6 Common Bad-Faith Issues in Commercial Insurance
In an attempt to protect its own profits, a commercial insurance company may engage in bad-faith practices when handling a claim. Bad faith means that the company is breaching its legal obligation to handle a claim in good faith, or honestly and ethically according to Arizona’s insurance laws. If you need to file a commercial insurance claim, such as a workers’ compensation claim, look out for these common bad-faith issues.
Failure to Fully Investigate
An insurance company has a responsibility to properly and thoroughly investigate the claim being made. This is the only way that the insurance company can properly process the claim. A full investigation may involve obtaining documents and evidence from the claimant, returning to the scene of the alleged incident, and hiring experts for more information. If an insurance company fails to properly investigate, it may not have all the facts that it needs to make an informed decision.
Commercial insurance companies must respond to, investigate and decide on claims submitted to them within a reasonable amount of time. In Arizona, state law gives insurance companies 10 working days to respond to demand letters and 30 days to investigate. If an insurance company appears to be taking too long to respond to your claim or send a payout, it may be a sign of insurance bad faith. Contact the company to find out what’s taking so long. If they do not have a valid reason to extend an investigation, you may have grounds for a bad-faith claim.
One of the most common forms of commercial insurance bad faith is a company wrongfully denying a valid claim. Refusing to pay a claim that is valid and falls within the insurance policy is a type of bad faith that could get in the way of your financial recovery. Read the terms of the policy carefully, then contact the insurance company to request an internal review. If the internal review does not reverse the decision, seek help from an outside organization, such as a lawyer or your state Department of Insurance.
Inadequate Settlement Offers
Another common example of insurance bad faith is an inadequate or “lowball” settlement offer. The insurance claims adjuster may offer less than the claim is actually worth to see if the claimant knows the true value of his or her injuries or losses. If negotiating back and forth with the commercial insurance company does not result in an adequate or reasonable offer based on the extent of your losses, this could be insurance bad faith.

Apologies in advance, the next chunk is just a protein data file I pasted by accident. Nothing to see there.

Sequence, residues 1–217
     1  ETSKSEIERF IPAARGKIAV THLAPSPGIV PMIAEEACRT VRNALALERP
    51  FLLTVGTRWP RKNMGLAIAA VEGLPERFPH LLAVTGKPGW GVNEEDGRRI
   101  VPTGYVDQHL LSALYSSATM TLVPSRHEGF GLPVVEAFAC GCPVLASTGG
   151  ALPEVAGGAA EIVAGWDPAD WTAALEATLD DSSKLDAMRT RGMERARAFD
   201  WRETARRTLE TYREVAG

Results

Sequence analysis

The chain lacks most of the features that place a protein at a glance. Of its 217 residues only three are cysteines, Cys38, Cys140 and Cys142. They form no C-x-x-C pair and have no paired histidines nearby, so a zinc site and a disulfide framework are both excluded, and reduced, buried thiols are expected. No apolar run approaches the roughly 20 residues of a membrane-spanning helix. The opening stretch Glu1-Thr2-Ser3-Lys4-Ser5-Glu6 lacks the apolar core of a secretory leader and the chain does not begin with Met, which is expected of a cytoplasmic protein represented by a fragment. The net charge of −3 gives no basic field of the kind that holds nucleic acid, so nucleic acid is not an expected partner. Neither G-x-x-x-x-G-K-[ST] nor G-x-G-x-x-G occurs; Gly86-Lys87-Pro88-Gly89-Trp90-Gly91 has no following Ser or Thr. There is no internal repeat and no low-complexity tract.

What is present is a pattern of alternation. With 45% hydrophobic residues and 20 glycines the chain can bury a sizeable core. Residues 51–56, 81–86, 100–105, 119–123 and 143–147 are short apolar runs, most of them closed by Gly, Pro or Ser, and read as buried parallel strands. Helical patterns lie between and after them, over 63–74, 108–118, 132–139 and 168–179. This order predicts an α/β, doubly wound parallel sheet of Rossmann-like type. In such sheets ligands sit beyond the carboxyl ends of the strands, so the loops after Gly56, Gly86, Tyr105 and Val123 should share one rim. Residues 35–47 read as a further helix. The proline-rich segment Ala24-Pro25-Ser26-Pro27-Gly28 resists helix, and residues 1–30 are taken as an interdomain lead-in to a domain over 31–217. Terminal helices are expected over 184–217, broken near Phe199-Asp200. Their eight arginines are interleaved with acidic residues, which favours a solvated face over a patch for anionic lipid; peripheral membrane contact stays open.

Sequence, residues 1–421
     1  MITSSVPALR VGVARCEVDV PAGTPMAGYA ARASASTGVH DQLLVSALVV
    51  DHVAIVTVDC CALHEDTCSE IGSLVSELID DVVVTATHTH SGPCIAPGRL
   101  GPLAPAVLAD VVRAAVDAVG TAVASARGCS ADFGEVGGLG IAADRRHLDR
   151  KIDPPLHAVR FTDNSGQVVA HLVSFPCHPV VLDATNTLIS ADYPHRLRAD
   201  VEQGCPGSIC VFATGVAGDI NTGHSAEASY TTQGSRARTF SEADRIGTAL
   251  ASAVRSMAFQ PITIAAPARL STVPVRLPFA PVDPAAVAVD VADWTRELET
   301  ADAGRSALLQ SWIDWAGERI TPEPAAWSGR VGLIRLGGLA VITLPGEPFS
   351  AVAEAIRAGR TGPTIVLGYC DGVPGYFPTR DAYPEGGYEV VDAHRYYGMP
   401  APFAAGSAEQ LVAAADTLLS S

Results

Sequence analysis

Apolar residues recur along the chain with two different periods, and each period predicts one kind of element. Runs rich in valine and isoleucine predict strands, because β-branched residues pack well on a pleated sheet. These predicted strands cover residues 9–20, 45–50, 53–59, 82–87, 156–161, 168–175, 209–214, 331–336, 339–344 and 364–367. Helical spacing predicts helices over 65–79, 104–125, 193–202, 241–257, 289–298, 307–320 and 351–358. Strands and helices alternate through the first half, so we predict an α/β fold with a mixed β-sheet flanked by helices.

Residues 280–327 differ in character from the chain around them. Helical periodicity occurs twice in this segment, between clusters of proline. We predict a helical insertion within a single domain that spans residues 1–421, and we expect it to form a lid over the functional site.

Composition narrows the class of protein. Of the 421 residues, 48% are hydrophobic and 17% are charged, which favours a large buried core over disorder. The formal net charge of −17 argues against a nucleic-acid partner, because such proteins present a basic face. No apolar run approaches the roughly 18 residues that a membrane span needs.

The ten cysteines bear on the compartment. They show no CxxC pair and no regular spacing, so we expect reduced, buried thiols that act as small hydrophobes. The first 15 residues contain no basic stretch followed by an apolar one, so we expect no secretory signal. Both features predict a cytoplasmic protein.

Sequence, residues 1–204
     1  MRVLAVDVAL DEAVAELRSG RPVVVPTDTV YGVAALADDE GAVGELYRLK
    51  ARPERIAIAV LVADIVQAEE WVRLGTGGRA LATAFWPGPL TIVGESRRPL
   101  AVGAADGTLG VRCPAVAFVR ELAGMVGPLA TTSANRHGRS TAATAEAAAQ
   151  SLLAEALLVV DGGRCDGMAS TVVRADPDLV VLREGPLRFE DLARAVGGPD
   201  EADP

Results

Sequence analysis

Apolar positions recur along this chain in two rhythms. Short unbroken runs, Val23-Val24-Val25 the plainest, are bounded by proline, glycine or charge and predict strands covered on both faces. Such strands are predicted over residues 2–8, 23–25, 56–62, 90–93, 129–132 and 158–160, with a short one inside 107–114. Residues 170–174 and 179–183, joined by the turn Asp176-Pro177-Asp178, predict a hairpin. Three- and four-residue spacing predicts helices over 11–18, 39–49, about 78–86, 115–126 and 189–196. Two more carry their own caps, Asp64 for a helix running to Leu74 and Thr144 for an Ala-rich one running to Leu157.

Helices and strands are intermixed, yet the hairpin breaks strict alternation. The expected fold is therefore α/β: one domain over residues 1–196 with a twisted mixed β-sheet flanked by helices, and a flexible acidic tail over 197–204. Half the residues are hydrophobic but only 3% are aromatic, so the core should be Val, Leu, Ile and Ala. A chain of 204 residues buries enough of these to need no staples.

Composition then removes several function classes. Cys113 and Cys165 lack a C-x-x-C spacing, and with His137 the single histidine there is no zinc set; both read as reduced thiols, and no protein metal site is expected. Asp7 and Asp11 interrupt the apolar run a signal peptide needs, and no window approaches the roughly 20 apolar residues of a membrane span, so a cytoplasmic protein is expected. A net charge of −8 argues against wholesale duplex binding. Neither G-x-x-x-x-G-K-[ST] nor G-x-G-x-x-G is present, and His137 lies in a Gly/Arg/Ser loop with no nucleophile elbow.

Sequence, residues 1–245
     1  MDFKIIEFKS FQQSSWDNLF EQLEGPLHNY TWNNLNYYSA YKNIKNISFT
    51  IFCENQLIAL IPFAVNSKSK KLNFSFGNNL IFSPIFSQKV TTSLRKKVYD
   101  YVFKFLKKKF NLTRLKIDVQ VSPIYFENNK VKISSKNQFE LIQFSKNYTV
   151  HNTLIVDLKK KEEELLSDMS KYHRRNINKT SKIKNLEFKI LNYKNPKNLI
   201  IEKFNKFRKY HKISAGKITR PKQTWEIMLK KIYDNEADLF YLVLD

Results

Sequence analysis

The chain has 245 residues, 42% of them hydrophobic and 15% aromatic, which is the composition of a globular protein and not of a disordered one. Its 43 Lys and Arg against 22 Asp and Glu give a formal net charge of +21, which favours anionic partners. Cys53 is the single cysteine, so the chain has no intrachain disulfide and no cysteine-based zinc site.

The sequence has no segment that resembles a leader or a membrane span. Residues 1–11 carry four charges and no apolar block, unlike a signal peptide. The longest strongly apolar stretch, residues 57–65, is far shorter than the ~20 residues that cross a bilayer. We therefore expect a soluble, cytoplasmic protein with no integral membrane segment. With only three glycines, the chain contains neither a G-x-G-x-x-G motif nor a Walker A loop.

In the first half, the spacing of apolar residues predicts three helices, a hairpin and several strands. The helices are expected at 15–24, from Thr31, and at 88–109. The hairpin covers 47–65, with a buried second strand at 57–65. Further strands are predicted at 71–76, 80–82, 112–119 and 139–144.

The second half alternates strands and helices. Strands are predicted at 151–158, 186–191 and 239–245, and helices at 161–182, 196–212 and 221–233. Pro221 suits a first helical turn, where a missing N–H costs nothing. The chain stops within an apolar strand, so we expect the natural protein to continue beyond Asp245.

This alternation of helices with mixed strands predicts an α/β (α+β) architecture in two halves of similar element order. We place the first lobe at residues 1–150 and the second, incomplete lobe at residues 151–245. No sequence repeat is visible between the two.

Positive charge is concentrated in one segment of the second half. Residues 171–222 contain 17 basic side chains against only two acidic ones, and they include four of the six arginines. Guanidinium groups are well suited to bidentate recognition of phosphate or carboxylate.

Deceptive practices by a commercial insurance company can take the form of misrepresenting the terms on a policy when a business owner purchases it, misinterpreting the terms during a claim, intentionally failing to inform a business about a deadline or failing to disclose the existence of coverage. In addition, an insurance company may try to avoid paying by enforcing exclusions that the commercial insurance policy does not contain.
In some bad-faith scenarios, a representative or claims adjuster from the insurance company will threaten, harass or bully the claimant into accepting less than he or she deserves. An insurance company or its representative should never make any threatening statements to you or a third party, including threats to file charges against you for submitting a claim.
What to Do About Commercial Insurance Bad Faith
If you suspect an insurance company of engaging in any type of bad-faith practice or behavior during your commercial insurance claim, contact a Phoenix insurance bad faith attorney right away. An attorney can protect your rights and force a commercial insurance company to handle your claim fairly and reasonably. An attorney can also file a bad-faith insurance claim on your behalf in pursuit of financial compensation from the insurer for its wrongful acts, in addition to the payout for your original claim. Contact Surrano Law Offices today for more information.